“Copyrighting movement is about putting the power back in the artist’s hands,” Knight told Variety.

As it stands, Black performers on TikTok are feeling powerful for the first time in a long time, but this isn’t the first time they have mobilized. In May of last year, a blackout was organized to coincide with Malcom X’s birthday. Using the hashtag #ImBlackMovement, non-Black allies were encouraged to change their profile pictures to the Black power fist, unfollow a TikTok user who didn’t support the movement, and follow at least one new Black creator.

Additionally, following the death of George Floyd, frustrated users who believed their Black Lives Matter content was being suppressed threatened a mass walkout, calling Black users to delete the application and give it a one-star review. The action was later halted out of respect for Pride Month.

In response to rising tensions, TikTok announced a series of measures and issued a statement in which it acknowledged that it had failed Black creators and had work to do to “regain and repair that trust.” Still, complaints persist.

“While Tik Tok is a platform I am truly so grateful for because of the community I have been able to build, it is clearly not without its own issues,” said Uniekue.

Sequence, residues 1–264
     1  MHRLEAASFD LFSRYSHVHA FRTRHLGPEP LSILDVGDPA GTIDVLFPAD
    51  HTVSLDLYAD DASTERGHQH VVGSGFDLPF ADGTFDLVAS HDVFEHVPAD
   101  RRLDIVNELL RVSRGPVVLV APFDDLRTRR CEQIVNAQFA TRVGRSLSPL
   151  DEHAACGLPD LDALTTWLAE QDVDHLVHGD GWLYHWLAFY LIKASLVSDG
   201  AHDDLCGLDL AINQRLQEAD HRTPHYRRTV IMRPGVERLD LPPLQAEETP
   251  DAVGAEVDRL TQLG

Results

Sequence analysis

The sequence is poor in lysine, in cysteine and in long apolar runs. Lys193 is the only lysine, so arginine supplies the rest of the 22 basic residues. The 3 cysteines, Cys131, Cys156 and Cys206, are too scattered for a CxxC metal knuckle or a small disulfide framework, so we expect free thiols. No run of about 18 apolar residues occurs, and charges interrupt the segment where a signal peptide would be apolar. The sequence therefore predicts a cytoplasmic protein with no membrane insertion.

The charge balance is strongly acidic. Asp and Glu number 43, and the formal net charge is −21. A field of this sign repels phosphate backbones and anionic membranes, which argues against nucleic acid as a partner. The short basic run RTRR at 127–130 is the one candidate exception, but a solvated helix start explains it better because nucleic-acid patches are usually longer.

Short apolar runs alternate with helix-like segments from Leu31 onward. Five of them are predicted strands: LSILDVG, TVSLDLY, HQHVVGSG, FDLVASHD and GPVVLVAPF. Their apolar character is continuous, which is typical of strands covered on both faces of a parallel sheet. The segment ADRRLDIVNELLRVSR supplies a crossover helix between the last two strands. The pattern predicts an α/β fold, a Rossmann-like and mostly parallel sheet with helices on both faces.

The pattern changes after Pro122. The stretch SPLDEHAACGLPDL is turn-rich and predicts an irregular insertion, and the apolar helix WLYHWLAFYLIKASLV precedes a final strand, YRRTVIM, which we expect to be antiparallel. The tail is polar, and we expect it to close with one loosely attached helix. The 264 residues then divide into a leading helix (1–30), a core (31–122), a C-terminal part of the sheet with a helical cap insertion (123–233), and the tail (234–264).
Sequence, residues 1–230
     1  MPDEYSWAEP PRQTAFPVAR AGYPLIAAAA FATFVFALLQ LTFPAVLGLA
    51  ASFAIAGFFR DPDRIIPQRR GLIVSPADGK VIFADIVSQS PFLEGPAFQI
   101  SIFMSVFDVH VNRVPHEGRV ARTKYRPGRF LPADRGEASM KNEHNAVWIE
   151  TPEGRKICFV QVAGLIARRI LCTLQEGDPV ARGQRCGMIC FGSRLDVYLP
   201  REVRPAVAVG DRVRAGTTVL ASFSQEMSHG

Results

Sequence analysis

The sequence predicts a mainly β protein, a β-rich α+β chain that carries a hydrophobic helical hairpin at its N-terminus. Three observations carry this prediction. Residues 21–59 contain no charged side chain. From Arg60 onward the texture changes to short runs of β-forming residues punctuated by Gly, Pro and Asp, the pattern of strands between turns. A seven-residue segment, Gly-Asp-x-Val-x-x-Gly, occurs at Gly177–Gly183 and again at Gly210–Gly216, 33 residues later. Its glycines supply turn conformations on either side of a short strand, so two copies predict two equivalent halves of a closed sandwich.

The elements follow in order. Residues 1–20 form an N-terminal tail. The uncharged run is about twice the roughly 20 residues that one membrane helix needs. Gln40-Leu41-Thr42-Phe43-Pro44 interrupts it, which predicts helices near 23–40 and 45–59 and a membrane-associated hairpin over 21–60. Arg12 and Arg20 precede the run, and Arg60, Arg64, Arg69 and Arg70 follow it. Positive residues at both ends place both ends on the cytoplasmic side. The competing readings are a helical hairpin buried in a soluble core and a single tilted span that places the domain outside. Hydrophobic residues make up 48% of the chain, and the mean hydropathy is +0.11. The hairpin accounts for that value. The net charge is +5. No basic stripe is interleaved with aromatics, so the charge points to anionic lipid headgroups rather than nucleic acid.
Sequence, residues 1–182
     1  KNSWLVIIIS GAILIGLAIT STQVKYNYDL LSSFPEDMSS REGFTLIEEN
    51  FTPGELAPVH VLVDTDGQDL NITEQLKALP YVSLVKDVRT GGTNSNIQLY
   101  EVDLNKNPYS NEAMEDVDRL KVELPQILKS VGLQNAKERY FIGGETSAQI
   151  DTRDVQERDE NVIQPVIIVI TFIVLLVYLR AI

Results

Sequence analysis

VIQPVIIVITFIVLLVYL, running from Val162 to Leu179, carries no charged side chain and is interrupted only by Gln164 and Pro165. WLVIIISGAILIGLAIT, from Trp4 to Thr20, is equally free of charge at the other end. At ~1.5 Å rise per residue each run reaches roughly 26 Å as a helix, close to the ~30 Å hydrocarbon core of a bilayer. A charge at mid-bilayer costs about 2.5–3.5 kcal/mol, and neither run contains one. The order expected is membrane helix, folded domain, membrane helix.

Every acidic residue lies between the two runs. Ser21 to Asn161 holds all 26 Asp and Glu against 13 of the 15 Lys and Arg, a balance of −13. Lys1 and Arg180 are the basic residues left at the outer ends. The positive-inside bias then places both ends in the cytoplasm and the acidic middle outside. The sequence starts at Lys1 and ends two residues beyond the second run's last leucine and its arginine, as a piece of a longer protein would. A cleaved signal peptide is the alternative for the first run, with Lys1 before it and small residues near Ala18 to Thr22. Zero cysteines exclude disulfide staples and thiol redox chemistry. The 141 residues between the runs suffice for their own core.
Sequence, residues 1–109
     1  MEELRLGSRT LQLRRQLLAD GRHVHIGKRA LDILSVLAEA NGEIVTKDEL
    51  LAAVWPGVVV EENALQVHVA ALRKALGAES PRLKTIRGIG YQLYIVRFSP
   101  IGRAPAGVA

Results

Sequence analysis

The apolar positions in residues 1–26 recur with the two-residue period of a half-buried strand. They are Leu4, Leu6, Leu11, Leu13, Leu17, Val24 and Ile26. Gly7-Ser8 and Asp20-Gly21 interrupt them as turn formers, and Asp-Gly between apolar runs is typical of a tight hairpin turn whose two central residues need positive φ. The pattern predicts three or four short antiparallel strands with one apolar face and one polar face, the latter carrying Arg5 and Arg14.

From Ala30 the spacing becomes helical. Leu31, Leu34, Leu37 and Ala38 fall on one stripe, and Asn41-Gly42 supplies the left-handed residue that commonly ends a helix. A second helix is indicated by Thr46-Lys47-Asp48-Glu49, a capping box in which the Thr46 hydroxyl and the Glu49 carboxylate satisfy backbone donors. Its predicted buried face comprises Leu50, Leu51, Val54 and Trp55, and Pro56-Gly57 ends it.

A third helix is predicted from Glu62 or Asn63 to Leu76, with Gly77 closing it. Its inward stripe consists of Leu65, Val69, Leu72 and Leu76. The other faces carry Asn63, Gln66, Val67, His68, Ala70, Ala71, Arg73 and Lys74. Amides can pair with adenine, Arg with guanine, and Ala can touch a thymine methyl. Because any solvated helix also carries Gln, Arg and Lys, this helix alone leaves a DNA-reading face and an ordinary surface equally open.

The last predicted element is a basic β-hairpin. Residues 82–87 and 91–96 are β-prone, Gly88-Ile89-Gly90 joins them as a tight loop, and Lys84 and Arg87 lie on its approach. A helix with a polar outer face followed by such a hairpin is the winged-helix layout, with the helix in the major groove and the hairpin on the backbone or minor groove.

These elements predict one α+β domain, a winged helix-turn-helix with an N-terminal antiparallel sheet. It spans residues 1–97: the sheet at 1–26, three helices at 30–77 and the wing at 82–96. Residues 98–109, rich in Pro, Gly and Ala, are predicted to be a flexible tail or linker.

“I feel that we continue to show that we as black creators, especially black femme and black queer creators, carry the app and drive much of the culture and trends that people are talking about, and end up on our for you pages. I think just from a business POV it’s in TikTok’s best interest to not just suggest but actually implement changes that make the platform a more safe and enjoyable environment for black creators,” he said.

“While I understand it is a long battle we are fighting, (again this is the optimist in me), I want to believe that we will get change and if we keep coming together and speaking our truth and amplifying one another’s voices we will get what’s ours.”

Bennett is also hopeful the strike could lead to change.

“I would hope that one of the possible outcomes of this demonstration would be that Black creators begin receiving more equitable treatment,” she said.